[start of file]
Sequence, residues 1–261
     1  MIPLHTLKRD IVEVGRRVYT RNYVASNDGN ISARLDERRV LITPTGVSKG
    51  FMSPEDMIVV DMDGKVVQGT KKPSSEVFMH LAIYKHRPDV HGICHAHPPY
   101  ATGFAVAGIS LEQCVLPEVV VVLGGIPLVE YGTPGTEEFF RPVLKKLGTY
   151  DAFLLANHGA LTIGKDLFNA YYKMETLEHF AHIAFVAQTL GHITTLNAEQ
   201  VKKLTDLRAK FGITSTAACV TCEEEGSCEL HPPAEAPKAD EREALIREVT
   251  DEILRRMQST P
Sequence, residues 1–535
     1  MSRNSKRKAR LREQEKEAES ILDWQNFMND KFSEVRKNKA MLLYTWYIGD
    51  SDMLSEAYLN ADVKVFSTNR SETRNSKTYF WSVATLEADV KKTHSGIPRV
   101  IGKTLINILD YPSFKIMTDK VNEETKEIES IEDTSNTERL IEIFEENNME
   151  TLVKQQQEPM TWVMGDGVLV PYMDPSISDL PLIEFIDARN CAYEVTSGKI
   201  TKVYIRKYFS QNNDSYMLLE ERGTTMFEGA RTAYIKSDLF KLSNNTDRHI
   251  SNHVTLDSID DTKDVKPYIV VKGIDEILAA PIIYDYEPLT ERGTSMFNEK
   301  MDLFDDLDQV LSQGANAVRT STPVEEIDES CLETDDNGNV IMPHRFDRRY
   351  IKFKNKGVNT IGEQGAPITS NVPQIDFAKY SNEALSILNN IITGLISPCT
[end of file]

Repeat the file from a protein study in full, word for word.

Sequence, residues 1–261
     1  MIPLHTLKRD IVEVGRRVYT RNYVASNDGN ISARLDERRV LITPTGVSKG
    51  FMSPEDMIVV DMDGKVVQGT KKPSSEVFMH LAIYKHRPDV HGICHAHPPY
   101  ATGFAVAGIS LEQCVLPEVV VVLGGIPLVE YGTPGTEEFF RPVLKKLGTY
   151  DAFLLANHGA LTIGKDLFNA YYKMETLEHF AHIAFVAQTL GHITTLNAEQ
   201  VKKLTDLRAK FGITSTAACV TCEEEGSCEL HPPAEAPKAD EREALIREVT
   251  DEILRRMQST P
Sequence, residues 1–535
     1  MSRNSKRKAR LREQEKEAES ILDWQNFMND KFSEVRKNKA MLLYTWYIGD
    51  SDMLSEAYLN ADVKVFSTNR SETRNSKTYF WSVATLEADV KKTHSGIPRV
   101  IGKTLINILD YPSFKIMTDK VNEETKEIES IEDTSNTERL IEIFEENNME
   151  TLVKQQQEPM TWVMGDGVLV PYMDPSISDL PLIEFIDARN CAYEVTSGKI
   201  TKVYIRKYFS QNNDSYMLLE ERGTTMFEGA RTAYIKSDLF KLSNNTDRHI
   251  SNHVTLDSID DTKDVKPYIV VKGIDEILAA PIIYDYEPLT ERGTSMFNEK
   301  MDLFDDLDQV LSQGANAVRT STPVEEIDES CLETDDNGNV IMPHRFDRRY
   351  IKFKNKGVNT IGEQGAPITS NVPQIDFAKY SNEALSILNN IITGLISPCT